To me, as it would be for many other people, my name is my identity. If someone asks you "who are you?" the answer that you give is your first and last name. For me, my name is who I am.
As I grew older, learning more about gender politics and the inequalities that women still face in society cemented that teenage decision to keep my name. The expectation that women should change their last name for marriage, swapping their own identity for their husband's, is -- inarguably -- sexist. And I say "inarguably" because no one could claim there is an expectation of the same name-change in men. I remember a class in college about gender and the media, where a male student asked in our discussion group, "Would you change your name for marriage?"
"No. Would you change your name?" I answered coolly.
"What?" he sputtered. "No! Why would I change my name?"
"Exactly," I replied.
To put it bluntly -- as I sometimes do when people really grill me about my decision -- it's not 1950 and I'm not cattle that needs to be branded with my owner's name.
So identity and equality are the two most important factors for me in keeping my name. However, other reasons reinforced my decision, after receiving the following reactions to my matrimonial surname plans...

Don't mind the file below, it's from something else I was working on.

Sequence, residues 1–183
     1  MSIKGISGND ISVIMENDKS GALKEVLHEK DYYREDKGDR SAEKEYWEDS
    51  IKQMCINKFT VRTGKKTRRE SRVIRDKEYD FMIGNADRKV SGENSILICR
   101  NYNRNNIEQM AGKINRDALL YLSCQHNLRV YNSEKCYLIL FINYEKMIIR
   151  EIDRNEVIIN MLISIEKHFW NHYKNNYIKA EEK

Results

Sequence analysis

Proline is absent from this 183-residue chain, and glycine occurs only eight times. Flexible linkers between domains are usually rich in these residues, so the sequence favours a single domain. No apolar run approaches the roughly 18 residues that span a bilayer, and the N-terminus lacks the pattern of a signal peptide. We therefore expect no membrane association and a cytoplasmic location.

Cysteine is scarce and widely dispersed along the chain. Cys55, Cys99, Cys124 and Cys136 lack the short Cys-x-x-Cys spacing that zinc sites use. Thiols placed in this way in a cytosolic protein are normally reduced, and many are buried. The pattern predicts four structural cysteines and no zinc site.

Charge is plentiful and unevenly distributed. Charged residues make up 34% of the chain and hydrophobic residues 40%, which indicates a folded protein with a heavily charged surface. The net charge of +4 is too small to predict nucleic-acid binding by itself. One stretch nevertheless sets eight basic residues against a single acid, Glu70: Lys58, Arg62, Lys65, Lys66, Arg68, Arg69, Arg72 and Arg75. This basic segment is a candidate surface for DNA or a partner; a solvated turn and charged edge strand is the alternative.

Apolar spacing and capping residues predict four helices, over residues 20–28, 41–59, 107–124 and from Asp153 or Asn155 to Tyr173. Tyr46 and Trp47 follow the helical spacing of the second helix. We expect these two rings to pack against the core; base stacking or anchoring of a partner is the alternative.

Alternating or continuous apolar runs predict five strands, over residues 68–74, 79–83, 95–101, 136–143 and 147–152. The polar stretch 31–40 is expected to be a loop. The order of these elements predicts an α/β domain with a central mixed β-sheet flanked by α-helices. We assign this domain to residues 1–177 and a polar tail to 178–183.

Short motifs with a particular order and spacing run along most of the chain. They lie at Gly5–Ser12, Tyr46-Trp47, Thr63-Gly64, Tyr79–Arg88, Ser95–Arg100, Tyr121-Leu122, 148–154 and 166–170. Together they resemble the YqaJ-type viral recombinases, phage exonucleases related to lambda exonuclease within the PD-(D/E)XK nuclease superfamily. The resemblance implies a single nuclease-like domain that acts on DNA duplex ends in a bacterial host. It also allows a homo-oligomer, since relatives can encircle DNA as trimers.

• "It's tradition": So was slavery. So was women not being able to vote. Tradition doesn't make any of them a good thing.
• "You could still keep your name, but add his with a hyphen": That would still be changing my name and identity, and would not be much of a move for equality unless my groom were doing the same.
• "Well, what if your husband did hyphenate his name, too?": Great for equality, but then it would be two people changing their identity for marriage.
• "What will your children have as a last name?": They could have both our last names hyphenated, mine as a middle name, or just take their father's surname -- none of which I have a problem with. I do think it's unequal that children automatically take their father's name, but other approaches are not yet as widely accepted as women keeping their surnames -- though I think this is will change with time.
• "Won't you not feel like a family if you have a different last name from your children?": I'm quite sure that if I birth and/or raise a child, that's plenty to qualify me for feeling like their family. Whether or not I have the same last name as my child won't stop me loving them or feeling attached to them. Also, with this logic, would I no longer feel like I'm part of my parents' family if I take a different surname from theirs? In these days of blended families, the idea that everyone in a family would have the same last name is a touch old-fashioned.